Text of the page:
... my journey from ballerina to triathlete

Friday, April 10, 2015


The Ironman 70.3 Hawaii, aka "Honu," is just 7.5 weeks away and our training is in full swing. This will be the longest distance triathlon that Sean and I have done to date, so this is truly new territory for both of us. Up until now I've been able to sneak by with regular 3-5 mile runs, a pool swim per week, and occasional bike rides of between 12 and 30 miles, enough to jump into shorter distance races with no extra preparation, but no more. At 9 weeks out it was time to reinstate a full-blown, official training schedule and I have to admit I was pretty excited about it. It's been quite a while since we've ventured into new triathlon territory and I've missed the schedules that used to run my life.

This schedule was from Competitor.com, originally set up to be a 16-week plan. I jumped in at week 7 since we'd been doing ongoing base training (if you call hobbling through the Hilo Marathon base training!) and modified it to fit my work schedule and needs. I settled on three swims per week -- one pool workout and two ocean swims, three runs -- one long run and two shorter ones with speed intervals worked it, and two bike rides -- one long, one shorter with speed intervals. I had to cut one bike session from the original schedule because I just don't have time in my week, but I plan on doing a quick loop including a nasty hill by my house whenever I get home from work early. I think overall that this will be an effective way to go about my training.

I arranged how I wrote down my schedule a little differently this time. In fact, each time I've done a race I've put the schedule in a slightly different format. For my very first race, it was day by day, each day with its own page. This was great because I was new to it all, but very time-consuming to keep up. Also, as I got more familiar with the workouts, I found that it's helpful to My next version was monthly, with the entire month on a page so that I could just check off a box for each day. This was nice because it gave me a good idea of what was coming up for me, but for whatever reason it was easier for me to miss a day when I could constantly see so many days of training represented. This newest iteration is by week. Seven days, six workouts, and feels right for where I'm at right now. It allows me to see and plan for each week, check off each day, and give me a weekly goal to shoot for: checking off each day, all seven days in a row. It also feels awesome to turn the page to the next week and makes me look forward to what is to come instead of feeling overwhelmed by it. The bottom line is, whatever works for you and makes you feel motivated, do it, and if it stops working for you, try something new!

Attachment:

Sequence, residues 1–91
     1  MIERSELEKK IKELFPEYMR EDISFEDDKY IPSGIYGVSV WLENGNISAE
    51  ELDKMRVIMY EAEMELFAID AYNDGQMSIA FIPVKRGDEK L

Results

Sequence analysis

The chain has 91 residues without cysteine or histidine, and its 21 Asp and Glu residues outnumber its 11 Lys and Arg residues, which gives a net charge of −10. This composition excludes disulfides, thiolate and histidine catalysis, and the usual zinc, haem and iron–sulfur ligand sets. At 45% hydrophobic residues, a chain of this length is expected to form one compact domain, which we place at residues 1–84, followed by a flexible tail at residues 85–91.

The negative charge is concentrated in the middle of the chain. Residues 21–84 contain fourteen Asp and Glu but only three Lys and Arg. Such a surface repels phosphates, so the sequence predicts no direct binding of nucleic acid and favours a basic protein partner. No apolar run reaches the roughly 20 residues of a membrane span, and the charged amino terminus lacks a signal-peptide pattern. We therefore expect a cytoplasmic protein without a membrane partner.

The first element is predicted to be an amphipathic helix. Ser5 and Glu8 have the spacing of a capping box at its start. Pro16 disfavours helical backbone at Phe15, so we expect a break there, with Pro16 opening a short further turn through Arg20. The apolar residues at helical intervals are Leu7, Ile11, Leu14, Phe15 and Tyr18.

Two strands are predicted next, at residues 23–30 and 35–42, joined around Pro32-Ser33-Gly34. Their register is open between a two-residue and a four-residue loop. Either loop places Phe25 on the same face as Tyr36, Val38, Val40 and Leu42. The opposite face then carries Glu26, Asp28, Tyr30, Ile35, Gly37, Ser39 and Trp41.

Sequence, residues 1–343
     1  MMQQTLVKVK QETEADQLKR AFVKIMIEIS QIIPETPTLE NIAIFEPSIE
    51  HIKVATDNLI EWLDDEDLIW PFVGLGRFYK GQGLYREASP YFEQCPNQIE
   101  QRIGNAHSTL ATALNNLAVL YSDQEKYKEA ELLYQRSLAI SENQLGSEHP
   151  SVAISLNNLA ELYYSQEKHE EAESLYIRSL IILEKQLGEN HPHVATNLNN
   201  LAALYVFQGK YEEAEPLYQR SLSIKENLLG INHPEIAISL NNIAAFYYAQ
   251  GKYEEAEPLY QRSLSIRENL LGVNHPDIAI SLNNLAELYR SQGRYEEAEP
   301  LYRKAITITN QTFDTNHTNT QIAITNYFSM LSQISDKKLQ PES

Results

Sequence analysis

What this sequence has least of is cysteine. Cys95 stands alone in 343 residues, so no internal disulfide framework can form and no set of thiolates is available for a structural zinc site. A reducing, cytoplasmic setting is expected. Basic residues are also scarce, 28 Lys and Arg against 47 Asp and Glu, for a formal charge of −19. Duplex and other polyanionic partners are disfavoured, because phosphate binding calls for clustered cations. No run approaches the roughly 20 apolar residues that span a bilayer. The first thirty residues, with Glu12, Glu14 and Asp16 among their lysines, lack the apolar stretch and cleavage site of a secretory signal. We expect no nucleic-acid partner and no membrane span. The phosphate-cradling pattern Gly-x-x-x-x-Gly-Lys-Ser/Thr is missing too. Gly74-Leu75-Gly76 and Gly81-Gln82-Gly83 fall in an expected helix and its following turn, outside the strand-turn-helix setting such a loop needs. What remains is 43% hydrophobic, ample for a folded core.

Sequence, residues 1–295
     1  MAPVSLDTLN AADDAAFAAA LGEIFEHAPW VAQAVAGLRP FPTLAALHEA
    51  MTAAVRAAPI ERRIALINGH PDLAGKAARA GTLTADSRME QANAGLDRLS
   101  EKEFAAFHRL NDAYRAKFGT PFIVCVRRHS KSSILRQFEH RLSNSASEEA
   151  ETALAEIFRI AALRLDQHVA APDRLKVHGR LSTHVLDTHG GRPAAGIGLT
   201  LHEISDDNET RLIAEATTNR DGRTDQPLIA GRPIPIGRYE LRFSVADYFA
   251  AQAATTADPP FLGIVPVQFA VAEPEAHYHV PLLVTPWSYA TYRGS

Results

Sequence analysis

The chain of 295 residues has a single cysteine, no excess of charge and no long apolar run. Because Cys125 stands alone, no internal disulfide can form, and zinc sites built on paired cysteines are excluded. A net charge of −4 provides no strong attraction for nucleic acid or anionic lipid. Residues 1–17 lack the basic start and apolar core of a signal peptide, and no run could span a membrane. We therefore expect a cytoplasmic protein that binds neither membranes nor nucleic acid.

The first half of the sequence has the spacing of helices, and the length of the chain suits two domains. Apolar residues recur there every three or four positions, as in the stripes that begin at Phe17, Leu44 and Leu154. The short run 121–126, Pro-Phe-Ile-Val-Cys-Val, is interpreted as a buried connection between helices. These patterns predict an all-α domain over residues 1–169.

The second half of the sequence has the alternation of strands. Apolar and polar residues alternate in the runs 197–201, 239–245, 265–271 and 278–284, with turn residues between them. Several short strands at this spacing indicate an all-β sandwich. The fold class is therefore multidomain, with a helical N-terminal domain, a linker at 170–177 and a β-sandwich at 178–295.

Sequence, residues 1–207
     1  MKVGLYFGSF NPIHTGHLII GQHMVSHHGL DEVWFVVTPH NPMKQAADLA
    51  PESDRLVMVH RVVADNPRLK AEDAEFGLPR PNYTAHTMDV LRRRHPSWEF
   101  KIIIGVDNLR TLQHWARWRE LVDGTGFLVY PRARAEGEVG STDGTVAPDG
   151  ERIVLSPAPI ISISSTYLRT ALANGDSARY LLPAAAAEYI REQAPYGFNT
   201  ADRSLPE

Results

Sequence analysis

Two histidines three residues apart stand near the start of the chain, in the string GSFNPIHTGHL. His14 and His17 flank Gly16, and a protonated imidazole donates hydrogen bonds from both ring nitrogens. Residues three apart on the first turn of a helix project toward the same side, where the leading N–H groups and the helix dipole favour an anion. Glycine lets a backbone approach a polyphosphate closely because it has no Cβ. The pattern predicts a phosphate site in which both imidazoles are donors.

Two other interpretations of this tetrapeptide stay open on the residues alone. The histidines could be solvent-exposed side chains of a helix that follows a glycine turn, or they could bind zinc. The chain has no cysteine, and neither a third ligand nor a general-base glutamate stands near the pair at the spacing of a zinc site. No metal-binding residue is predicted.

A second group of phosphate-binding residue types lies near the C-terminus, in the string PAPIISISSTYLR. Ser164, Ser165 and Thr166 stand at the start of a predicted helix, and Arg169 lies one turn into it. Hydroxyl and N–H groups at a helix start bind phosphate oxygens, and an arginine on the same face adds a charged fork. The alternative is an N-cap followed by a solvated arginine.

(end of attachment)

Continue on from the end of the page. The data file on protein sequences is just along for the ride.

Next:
Saturday's workout was a 40-mile bike ride. I am starting to get used to these distances in my head. 40 miles no longer seems so long, despite only having ridden that far twice before. I guess once you run 26 miles, riding 40 doesn't seem so bad. Anyway, we set out around 8am from a resort area called Mauna Lani. The road out to the highway faces northeast, and we were immediately met with wind like I've never felt before. I am used to moderate steady wind or higher speed gusts, but this was a brutal, constant force. As soon as we turned onto the highway, it improved dramatically. The ride out (to the Kona Airport) felt amazing. My legs felt light and strong and I couldn't believe how high of a gear I could stay in while still keeping my cadence up. Even the nastiest hill on the route didn't feel so bad. Somewhere in the back of my head I knew I must be benefiting from a tail wind, but I couldn't feel it at all. When we made it to the airport, I was feeling awesome. In fact, when we turned around, the first ten miles back felt good too. It was a good day.